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PORTLAND, Ore.—The souls of more than 300 Alaska Native people who died throughout the 20th century at a psychiatric hospital more than 1,700 miles from their homes were released on their journey into the afterlife this month.

Alaska Native relatives and allies, seated around a circle in an all-day ceremony on March 9, donned regalia, prayed, sang songs, shared stories, and danced in honor of their ancestors who never came home.

Tlingit elder Bob Sam, 70, a lifelong repatriation expert and cemetery caretaker in Alaska, led the ceremony. Behind him stood a table full of children’s toys: teddy bears, marbles, and games were offered up as gifts for the young departed souls.

“In Alaska, as living people, we suffer racism, prejudice, hatred,” Sam told the attendees. “But many people don't know that our dead suffer more. Our dead are neglected and forgotten people."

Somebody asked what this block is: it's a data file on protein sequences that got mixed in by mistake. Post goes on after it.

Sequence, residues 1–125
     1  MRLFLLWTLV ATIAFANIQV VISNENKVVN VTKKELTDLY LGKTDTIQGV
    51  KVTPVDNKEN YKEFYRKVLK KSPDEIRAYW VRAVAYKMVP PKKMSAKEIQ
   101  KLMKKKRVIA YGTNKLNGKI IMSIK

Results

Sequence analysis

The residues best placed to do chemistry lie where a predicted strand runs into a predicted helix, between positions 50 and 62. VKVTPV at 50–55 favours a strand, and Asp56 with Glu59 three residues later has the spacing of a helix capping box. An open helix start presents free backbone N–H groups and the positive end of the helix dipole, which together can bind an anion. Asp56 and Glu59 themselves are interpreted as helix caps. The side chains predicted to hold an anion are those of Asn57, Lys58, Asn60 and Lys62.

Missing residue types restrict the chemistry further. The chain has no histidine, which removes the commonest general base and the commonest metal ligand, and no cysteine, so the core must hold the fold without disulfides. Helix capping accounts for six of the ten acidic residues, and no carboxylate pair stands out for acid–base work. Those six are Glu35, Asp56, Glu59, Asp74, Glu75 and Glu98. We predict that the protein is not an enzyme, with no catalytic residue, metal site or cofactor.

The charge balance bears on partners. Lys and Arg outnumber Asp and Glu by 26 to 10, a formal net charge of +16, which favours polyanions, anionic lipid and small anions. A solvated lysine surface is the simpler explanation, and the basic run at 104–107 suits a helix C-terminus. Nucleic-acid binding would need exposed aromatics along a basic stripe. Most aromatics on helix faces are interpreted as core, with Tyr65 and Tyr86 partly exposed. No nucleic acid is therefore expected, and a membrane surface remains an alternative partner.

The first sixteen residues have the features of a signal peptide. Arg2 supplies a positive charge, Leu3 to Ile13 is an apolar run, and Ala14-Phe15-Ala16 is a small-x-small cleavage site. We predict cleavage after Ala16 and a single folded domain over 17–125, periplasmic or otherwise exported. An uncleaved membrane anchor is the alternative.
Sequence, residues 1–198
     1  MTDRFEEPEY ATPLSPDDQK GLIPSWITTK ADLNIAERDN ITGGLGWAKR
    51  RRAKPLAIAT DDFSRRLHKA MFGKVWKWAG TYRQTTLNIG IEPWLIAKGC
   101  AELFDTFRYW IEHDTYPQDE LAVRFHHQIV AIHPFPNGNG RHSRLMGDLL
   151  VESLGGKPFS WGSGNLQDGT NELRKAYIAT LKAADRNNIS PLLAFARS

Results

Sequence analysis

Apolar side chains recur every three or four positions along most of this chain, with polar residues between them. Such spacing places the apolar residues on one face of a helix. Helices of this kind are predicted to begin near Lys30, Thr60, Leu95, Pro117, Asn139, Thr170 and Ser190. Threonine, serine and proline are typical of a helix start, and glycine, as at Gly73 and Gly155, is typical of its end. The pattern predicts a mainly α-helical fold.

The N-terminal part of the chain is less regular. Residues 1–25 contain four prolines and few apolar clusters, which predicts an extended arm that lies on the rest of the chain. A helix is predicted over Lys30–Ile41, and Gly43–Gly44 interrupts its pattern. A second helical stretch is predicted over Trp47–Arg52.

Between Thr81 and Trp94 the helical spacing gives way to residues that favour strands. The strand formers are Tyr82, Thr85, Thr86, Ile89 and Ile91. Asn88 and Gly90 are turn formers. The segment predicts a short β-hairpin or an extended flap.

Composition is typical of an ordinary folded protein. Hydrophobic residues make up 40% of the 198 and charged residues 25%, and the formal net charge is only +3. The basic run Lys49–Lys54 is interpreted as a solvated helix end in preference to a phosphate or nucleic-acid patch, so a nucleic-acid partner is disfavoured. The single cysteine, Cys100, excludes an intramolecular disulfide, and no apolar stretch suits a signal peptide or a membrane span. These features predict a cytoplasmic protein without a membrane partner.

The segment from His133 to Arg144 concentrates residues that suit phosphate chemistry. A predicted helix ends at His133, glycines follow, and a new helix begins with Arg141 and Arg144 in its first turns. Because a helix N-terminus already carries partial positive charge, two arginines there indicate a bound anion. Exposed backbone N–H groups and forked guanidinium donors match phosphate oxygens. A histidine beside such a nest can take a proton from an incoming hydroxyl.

Read the story at Native News Online.

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About The Author
Jenna Kunze
Author: Jenna KunzeEmail: This email address is being protected from spambots. You need JavaScript enabled to view it.
Senior Reporter
Jenna Kunze is a staff reporter covering Indian health, the environment and breaking news for Native News Online. She is also the lead reporter on stories related to Indian boarding schools and repatriation. Her bylines have appeared in The Arctic Sounder, High Country News, Indian Country Today, Tribal Business News, Smithsonian Magazine, Elle and Anchorage Daily News. Kunze is based in New York.